The end of the year seems an appropriate time to formally remember one of the Finger Lakes Native Plant Society's (FLNPS) founding members, Elizabeth Mulholland, who passed away last May at the grand age of 89. In 1997, with Connie Strang and David Werier, she motivated local plant lovers to form a new society, dedicated to the promotion of native plants. She was a dynamic presence on the Steering Committee for the first three years, pushing the fledgling organization to get serious about itself by adopting bylaws, a mission statement, and finally electing officers.
She had a special love for the Six Mile Creek watershed, and was instrumental in protecting the area now known as the Elizabeth Mulholland Wildflower Preserve. At one point she supposedly walked there almost daily, and could point to a spot where a treasured species had bloomed years ago. She hoped that FLNPS would “adopt” Six Mile Creek as a maintenance project, for she was always fussing about careless dog owners, incursions by invasive species, and inadequate funding for what she felt should be done. Sadly, we did not have enough active members to take on such a project at that time. Characteristically, she managed to get such a group organized anyway - the Friends of Six Mile Creek. She remained active on the City of Ithaca Natural Areas Commission, the successor to the Six Mile Creek Advisory Committee, for many years after she stopped attending the evening meetings of FLNPS. We still hand out to new members the checklist of Six Mile Creek flora put together by Elizabeth and Bill Dress.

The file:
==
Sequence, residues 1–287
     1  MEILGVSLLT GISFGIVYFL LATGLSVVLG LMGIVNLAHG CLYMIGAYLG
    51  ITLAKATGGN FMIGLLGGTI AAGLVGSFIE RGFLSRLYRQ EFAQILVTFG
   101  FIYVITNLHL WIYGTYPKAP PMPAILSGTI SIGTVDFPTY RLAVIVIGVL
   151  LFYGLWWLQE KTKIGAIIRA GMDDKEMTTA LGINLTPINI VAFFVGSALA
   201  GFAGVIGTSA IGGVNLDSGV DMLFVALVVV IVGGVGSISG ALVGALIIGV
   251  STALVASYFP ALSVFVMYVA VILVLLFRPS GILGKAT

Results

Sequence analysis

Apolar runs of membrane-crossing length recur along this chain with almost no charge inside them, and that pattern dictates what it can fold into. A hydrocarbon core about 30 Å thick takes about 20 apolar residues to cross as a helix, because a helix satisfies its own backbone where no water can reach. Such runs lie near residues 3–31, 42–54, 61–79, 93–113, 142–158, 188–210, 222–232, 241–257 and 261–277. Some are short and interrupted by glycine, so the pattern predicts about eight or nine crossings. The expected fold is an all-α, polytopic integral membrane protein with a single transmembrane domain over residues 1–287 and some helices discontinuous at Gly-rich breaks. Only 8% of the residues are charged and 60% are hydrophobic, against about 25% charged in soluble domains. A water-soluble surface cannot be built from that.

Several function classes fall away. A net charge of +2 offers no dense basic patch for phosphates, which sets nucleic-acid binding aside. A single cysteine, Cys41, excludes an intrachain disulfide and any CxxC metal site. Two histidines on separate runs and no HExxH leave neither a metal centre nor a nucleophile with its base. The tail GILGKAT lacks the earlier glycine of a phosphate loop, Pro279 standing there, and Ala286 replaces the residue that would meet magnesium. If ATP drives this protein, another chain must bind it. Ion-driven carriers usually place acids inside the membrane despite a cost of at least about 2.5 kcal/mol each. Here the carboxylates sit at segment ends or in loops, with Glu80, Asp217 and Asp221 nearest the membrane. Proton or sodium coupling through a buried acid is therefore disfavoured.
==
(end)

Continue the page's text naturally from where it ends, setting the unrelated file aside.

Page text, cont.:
Elizabeth was the first director of the Dewitt Historical Society (now the History Center), and she arranged for FLNPS to sponsor a wildflower photography exhibit there. She was an expert quilter, and wanted to quilt a banner to hang above the FLNPS table at exhibits and sales, but deteriorating eyesight prevented her from completing this project. An avid gardener, she happily mixed natives and imports. She gave Rosa canina hips to visitors, hoping more people would plant this European shrub rose and was interested in unusual colors of Geranium maculatum. Not a purist, she was thrilled at her first sight of the Heuchera-Tiarellahybrids (“Heucherella” cultivars).
Elizabeth was enthusiastic in sharing her love and knowledge of native plants. She enjoyed leading “ditch walks,” exploring the diversity of native and immigrant flora in view right beside the road. The walks were popular, and had the added benefit that she could toss Winterberry (Ilex verticillata) berries in the ditches as she walked, thus “spreading the beauty.” One idea of hers, that may still be implemented in some form, was to plant an “Immigrants’ Garden” to educate people about the naturalized wildflowers of our area. She used to always bring a vase with nicely arranged invasives to the May plant sale, where she staffed the Natural Areas table. So many informative conversations started with “What is that lovely plant? I see it all over.” We often use her trick at our booth!
Elizabeth Mulholland’s talents, enthusiasm and hard work were a wonderful gift to the Ithaca community, and she is missed.